Puzzle Strike: Bag of chips is a deck building game. Except instead of cards, you use “poker” chips. The nice thing about this is that you don’t really have to shuffle, instead you just toss them all into the bag and shake. This game simulates a puzzle game (that doesn’t actually exist) that simulates a fighting game (that also doesn’t exist.) If you’ve played Super Puzzle Fighter you know what’s what. If not, imagine a mix of bejeweled and tetris as a multiplayer game. You can combine gems, and then crash them to send them over to other players.
At it’s heart though, this is still a deck building game. You buy chips, they can give you various actions, or let you trash chips from your “deck”, or you can buy better money. There’s a few dozen different possible piles of chips, so every game is different.
One key thing that is unique about this game is that each player’s starting deck is dependent on what “character” they pick to play. So each starting deck is 3 unique chips, a crash gem (used to send crap to other players) and 6 $1 gems.
Once you know what you’re doing, the game is pretty quick. The only complaints I have are that it can only support 4 players at a time. Of course with an extra dice bag, we could probably do a bigger game. The other complaint is that it can be confusing to keep your hand/in play/discard separate from your gem piles. Apparently the 3rd edition of this game does resolve that issue, but I picked up the first edition at a con for half off, so can’t really complain. In fact, what I may do, given time is make a bunch of them, one for each character, maybe even put a little “Agrajag’s playstyle is:” blurb on each of them to help new players pick.
No Let’s play today, instead a quick note, a Sea Dracula kickstarter only needs a few hundred dollars more to hit a stretch goal where Vincent Baker will create a custom playbook for Apocalypse World. I strongly urge you, if you can spare a few bucks, to support this project! Please, think of the dolphins in mecha suits!
If you don’t know, Sea Dracula is a Role-Playing game where you play lawyers in Animal Town trying to prove your case. The conflict resolution mechanic is a Dance Off.
So I’m basically in love with the X-Wing Minis game. I really wish I’d gotten it earlier, on the other hand, there is now more variety in ships than I can actually afford. Even if you’re not big on Miniatures gaming, this might still have some appeal. A turn basically consists of 3 parts. First you decide how each of your ships is going to move. You do this via a special wheel that you secretly set for each of your ships. This has things on it like Hard Turn 1 left, or Soft Right 3, or 4 Straight, etc. Different ships have different movement options, and some moves are harder or easier than others. Once everyone has set their moves, every ship moves, and then can take an action (like Lock On, or Barrel Roll, and more, again they vary by ship). Once that’s done every ship fires. Then you do it again, until all ships on a side are blown up, or the mission (there are several missions) is accomplished.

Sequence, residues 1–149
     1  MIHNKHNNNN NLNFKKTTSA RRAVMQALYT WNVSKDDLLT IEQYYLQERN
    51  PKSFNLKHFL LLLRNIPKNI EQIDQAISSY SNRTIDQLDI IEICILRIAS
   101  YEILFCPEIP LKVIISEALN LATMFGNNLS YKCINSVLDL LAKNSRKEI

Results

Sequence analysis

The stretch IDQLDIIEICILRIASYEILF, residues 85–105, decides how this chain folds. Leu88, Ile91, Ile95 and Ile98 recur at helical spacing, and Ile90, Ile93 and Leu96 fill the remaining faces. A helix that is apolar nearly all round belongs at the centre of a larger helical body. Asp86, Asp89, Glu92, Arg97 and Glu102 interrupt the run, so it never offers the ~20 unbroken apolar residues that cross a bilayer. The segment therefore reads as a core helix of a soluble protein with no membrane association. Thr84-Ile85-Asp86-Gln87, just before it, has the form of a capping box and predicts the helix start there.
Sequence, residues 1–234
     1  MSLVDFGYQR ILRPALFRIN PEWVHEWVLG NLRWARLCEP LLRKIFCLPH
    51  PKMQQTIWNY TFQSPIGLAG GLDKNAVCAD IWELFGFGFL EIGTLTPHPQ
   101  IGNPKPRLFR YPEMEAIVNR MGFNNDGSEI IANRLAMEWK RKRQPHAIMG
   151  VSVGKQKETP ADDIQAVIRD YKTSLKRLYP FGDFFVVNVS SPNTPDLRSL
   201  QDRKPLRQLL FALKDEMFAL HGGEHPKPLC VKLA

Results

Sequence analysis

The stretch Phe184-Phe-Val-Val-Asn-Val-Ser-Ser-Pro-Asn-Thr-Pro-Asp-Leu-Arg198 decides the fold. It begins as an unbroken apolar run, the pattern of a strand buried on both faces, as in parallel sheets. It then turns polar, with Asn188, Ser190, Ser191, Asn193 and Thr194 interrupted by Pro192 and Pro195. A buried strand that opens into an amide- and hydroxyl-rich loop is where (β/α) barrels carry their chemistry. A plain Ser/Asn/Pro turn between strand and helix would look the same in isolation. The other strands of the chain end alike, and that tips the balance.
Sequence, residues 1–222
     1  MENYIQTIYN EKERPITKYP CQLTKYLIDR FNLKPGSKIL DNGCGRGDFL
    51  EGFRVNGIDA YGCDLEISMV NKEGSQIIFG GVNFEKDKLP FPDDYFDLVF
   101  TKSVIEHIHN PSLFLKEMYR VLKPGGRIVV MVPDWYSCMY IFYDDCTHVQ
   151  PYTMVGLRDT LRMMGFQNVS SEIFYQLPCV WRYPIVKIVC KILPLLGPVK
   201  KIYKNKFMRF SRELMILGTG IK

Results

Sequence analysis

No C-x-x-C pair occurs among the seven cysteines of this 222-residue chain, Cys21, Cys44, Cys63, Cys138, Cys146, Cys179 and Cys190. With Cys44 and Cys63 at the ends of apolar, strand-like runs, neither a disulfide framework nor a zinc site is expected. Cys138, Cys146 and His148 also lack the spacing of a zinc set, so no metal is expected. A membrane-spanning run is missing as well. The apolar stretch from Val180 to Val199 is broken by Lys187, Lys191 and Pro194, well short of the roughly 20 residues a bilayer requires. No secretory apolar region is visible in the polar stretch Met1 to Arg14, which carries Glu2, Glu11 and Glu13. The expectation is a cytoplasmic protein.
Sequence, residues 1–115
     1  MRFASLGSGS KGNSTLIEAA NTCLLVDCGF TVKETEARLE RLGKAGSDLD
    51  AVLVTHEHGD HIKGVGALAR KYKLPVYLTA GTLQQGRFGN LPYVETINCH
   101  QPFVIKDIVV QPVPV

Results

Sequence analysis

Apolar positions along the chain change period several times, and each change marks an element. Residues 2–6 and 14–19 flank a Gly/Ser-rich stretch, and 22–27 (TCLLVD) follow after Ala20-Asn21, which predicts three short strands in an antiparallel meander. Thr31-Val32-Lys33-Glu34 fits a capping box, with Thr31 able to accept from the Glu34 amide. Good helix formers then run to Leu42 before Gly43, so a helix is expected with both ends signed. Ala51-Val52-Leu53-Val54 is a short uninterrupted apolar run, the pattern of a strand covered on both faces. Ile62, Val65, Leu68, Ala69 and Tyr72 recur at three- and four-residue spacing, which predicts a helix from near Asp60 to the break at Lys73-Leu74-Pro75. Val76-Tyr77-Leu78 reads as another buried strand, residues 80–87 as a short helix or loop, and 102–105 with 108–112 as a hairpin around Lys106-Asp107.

I’m already thinking about making a B5 Mod for this game, and possibly BSG. Space Dog-fighting is one of my favorites, so to see something super quick and easy is really nice. That said, this does also kind of make me want to pull out all of my old Silent Death stuff and try and get that going again.
King of Tokyo is a great, simple, quick dice game. It’s got a bit of a strategic element, a bit of luck, and bit of needing to know when to quit while you’re ahead. I’ve only played one game so far, and I was killed (second) but I’m still pretty keen on the game.
Basically each player is a giant monster of some kind, intent on become King of Tokyo. To do this you’ll have to fight other monsters. Each turn you roll 6 dice. Triples on 1s, 2s and 3s will give you Victory points (you need 20 to win), Lightning symbols give you energy which you can buy upgrades and events, and monster prints lets you attack. Finally there are Hearts which will heal you (though not above the 10 HP you start with. The first monster to deal damage goes to Tokyo. After that if you are in Tokyo you deal damage to all of the monsters outside it, and vice versa. Also, while you’re in Tokyo you gain VP each turn, and can’t heal. When someone hits you though, you can let them take over Tokyo (though you still take the damage). Blake and I both died in the game, and it was due to staying King of the Hill for too long.
The powerups you can buy give a nice twist to the game, and in fact Will won our game with a “turtle” strategy where he got VPs for NOT attacking thanks to becoming an herbivore.